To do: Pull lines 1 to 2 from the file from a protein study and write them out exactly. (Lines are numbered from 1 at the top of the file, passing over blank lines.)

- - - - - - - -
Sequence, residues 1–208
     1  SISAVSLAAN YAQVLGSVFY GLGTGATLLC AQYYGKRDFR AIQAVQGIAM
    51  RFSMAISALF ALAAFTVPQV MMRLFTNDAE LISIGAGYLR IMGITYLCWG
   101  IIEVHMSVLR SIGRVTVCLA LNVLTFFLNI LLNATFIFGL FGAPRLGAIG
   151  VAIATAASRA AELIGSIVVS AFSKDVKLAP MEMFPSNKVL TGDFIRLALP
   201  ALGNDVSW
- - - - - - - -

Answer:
Sequence, residues 1–208
     1  SISAVSLAAN YAQVLGSVFY GLGTGATLLC AQYYGKRDFR AIQAVQGIAM